29 May 2010

The Magic of Missing Motion-Blur

I just sent this geek-out breakdown analysis of this video to a friend and figured I’d post it too. This is an incredibly interesting video.

29 May 2010

I just sent this geek-out breakdown analysis of this video to a friend and figured I’d post it too. This is an incredibly interesting video.

In a blog-interview the creator says he shot the majority of the project at 4fps. Film is shot at 24fps and US television is essentially 30fps – so while I don’t know for sure, I would guess the project was finalized at 24fps because digital artists generally do as much as possible to emulate film – meaning we’re seeing 6 seconds of life for every second of video.

That’s not odd. That’s a time-lapse.

But what makes this so interesting, first off, is the lack of motion-blur. Motion blur is an affect that that both film and video are liable to due to the fact that they have to expose/capture so many images each second. The best example is what happens at the end of this video when the car lights are streaking – or, so to say, their motion is blurring together – because there’s so little light that it takes 1-2 seconds of exposure to achieve a defined image, but in those one to two seconds objects have moved, causing motion blur. The same effect is always happening in film and video when anything moves. It happens on a much subtler level, but it’s still noticeable, but since this type of subtle motion-blur is and was and always shall be a part of movies it is therefore one of those unconscious expectations we have when preparing to view a movie. And the large majority of non-object-focused time-lapses are shot on video, so the motion blur persists.

This video immediately comes off as hand-animated/stop-motion animation because of our past viewing experiences with our childhood stop motion Christmas-time movies where there isn’t any persistent motion blur because actual motion isn’t being captured – so it instantly taps into a warm fuzzy feeling of childhood simplicity and nostalgia. And also shakes the brain because we immediately realize that what we’re seeing isn’t real and we suspend our belief… only to experience unconscious confusion as we come to realize that we *are* seeing real life.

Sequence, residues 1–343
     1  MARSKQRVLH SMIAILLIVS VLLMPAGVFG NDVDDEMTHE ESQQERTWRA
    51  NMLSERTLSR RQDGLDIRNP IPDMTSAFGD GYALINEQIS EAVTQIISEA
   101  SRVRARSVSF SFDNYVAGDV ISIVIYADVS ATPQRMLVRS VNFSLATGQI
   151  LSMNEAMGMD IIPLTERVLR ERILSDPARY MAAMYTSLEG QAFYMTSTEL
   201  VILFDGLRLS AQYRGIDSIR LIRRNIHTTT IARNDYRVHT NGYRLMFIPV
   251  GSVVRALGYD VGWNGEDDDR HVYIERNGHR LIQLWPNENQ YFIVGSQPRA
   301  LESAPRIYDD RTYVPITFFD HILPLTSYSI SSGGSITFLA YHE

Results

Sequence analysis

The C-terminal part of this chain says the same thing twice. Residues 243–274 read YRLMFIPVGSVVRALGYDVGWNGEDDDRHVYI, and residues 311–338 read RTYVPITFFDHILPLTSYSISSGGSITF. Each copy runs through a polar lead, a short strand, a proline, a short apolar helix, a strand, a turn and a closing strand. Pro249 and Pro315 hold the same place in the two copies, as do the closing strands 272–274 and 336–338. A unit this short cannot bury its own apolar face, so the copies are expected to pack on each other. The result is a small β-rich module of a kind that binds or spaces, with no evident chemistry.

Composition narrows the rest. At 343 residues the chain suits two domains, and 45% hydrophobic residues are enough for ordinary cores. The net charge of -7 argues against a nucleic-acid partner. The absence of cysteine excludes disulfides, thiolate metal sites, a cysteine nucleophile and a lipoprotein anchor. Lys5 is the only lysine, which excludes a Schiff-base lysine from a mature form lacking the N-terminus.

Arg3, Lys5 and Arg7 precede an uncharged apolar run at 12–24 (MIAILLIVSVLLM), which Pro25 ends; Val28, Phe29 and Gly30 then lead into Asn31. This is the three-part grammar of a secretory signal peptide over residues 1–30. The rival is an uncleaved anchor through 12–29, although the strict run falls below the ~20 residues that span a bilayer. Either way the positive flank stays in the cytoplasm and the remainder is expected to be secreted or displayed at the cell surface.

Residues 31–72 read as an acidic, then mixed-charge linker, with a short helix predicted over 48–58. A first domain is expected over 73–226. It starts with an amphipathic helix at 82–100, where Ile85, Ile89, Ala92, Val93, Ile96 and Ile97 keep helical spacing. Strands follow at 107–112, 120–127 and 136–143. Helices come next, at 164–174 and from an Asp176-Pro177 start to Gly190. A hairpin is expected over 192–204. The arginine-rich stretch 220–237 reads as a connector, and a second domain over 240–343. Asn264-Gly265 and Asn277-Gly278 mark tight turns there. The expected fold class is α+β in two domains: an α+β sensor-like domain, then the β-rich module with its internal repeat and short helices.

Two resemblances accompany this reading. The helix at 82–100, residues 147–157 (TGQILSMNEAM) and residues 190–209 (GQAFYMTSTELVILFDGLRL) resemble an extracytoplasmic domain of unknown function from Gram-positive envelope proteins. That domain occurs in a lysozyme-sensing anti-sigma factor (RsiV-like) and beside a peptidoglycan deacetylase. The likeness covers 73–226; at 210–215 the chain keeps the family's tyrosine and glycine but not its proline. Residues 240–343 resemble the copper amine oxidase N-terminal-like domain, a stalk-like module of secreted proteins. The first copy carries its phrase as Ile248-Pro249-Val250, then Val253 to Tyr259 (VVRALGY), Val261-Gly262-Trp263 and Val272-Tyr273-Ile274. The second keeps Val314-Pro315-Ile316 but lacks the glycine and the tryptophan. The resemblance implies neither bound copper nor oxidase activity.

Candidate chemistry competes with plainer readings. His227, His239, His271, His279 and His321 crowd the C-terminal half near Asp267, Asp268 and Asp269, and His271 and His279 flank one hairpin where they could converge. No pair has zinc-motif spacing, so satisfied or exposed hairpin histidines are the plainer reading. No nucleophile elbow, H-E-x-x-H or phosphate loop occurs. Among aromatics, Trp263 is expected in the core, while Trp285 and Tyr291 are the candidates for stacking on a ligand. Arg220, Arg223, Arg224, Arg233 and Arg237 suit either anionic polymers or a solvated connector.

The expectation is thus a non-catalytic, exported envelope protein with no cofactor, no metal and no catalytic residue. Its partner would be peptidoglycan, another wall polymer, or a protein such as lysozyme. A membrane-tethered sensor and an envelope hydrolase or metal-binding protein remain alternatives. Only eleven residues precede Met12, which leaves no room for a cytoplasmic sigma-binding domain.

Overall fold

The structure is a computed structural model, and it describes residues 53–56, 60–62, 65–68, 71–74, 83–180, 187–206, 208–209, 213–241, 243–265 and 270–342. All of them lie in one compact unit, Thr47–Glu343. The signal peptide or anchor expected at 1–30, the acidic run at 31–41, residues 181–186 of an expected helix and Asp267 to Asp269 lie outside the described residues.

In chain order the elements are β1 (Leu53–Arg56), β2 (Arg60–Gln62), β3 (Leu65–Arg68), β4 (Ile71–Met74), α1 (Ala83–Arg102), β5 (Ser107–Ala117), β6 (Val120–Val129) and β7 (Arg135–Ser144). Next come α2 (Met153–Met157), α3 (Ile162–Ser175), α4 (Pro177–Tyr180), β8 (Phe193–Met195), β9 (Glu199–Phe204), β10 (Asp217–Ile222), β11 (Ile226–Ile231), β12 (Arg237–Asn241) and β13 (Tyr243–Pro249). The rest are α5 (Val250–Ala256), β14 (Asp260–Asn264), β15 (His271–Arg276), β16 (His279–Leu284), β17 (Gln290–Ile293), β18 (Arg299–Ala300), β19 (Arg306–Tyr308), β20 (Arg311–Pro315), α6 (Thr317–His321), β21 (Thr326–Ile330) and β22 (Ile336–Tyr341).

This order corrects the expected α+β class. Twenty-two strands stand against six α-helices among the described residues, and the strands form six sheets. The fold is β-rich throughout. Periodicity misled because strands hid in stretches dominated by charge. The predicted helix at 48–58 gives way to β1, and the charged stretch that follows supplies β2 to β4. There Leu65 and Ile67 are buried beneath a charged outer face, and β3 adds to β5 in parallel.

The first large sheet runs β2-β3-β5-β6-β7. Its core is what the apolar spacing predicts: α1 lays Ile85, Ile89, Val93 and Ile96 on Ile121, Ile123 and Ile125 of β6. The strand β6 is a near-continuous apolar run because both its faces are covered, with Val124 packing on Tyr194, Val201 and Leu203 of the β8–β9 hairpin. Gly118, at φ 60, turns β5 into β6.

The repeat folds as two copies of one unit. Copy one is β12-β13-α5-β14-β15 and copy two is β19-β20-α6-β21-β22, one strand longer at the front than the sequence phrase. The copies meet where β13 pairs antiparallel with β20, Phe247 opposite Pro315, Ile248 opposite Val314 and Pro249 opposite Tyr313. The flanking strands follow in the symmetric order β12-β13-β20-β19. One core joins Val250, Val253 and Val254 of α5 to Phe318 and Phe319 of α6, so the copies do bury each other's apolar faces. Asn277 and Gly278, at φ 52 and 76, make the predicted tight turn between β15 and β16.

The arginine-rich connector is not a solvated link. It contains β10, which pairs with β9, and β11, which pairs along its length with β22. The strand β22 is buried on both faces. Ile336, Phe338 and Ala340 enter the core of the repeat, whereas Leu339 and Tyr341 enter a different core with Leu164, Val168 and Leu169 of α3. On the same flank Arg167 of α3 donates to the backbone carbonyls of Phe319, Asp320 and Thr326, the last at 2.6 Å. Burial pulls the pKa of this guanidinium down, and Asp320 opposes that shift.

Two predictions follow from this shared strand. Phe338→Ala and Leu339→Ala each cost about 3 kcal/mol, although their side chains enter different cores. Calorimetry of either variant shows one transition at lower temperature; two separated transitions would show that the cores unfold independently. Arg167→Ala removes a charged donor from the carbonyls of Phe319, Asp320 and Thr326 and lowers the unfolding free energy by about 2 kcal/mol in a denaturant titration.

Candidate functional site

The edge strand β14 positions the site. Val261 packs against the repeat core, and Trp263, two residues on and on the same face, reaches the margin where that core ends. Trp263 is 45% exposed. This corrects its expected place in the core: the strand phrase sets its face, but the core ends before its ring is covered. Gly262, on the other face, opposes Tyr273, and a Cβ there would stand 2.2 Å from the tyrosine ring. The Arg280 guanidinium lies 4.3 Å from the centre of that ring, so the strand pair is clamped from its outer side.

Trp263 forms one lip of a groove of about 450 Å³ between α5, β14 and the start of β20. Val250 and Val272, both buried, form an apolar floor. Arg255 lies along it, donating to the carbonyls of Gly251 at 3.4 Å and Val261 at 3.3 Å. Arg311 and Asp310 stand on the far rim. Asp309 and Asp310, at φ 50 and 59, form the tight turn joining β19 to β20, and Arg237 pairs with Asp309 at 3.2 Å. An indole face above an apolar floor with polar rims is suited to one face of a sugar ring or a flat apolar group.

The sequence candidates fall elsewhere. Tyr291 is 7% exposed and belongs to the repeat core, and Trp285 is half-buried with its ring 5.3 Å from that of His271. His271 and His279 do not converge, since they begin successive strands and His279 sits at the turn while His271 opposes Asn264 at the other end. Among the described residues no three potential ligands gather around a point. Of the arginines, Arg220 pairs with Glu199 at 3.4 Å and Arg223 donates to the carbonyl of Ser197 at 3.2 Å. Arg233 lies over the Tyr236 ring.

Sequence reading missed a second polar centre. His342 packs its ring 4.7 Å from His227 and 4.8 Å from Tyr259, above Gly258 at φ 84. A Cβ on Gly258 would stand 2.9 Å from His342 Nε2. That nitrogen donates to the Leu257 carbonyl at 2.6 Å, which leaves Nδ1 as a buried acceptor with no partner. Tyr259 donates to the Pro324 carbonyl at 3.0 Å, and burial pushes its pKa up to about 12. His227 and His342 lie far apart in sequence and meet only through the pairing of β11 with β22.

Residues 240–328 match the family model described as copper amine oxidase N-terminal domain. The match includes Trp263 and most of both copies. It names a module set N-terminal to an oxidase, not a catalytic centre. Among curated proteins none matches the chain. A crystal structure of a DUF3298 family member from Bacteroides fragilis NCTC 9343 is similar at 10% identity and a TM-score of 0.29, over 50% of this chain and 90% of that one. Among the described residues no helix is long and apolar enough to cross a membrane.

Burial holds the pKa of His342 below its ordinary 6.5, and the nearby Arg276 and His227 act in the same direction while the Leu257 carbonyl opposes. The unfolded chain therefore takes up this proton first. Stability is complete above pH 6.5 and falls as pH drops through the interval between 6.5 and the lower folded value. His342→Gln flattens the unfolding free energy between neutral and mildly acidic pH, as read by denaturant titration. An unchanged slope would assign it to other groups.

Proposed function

He also masterfully added to its ability to seem like a stop-motion piece by creating an incredibly narrow depth of field in post-production. Depth of field is essentially how much of the plane/world/scene is in focus. The better the camera lens, the more you can compress the depth of field. With a good lens, there could be a person 10 feet from the camera and another person three more feet behind them (and a bit to the side) and the lens, if you set it for it, would give you a depth of field narrow enough to make one person in focus and the other person out of focus – your “field of focus” is less than 3 feet in depth. Three feet is a pretty narrow depth of field and a sign of quality lenses which is a sign of high production value which a lot of the childhood stop-motion movies had.

How this applies stems from the fact that the minimum depth of field attainable increases exponentially as the distance from the lens increases. If that same first person were 50 feet away and the second was, this time, 15 feet farther (further?) back, it wouldn’t really matter because they would both be in focus (or both out of focus) because at that distance the essentially becomes infinitely deep.

And so the reverse is also true – DoF decreases exponentially as distance from the camera decreases. If that first person were 1 foot away from the lens there wouldn’t just be a focus difference between them and the second person, there’s be a focus difference between their nose and their ears. And thus we arrive at the unconscious expectation we have of stop-motion films where the objects and characters we see are miniatures and are often one to two feet from the camera lens, therefore creating a consistently narrow depth of field in all those movies we have fond childhood memories of and feeling about. Therefore the narrow DoF he generates masterfully adds to the stop-motion feel that the lack of motion blur already lent the movie.

Boom. Instant nostalgia combined with a subject matter that we consciously know is real and a production style that makes us subconsciously dismiss that which we know to be real as fake. Incredible.

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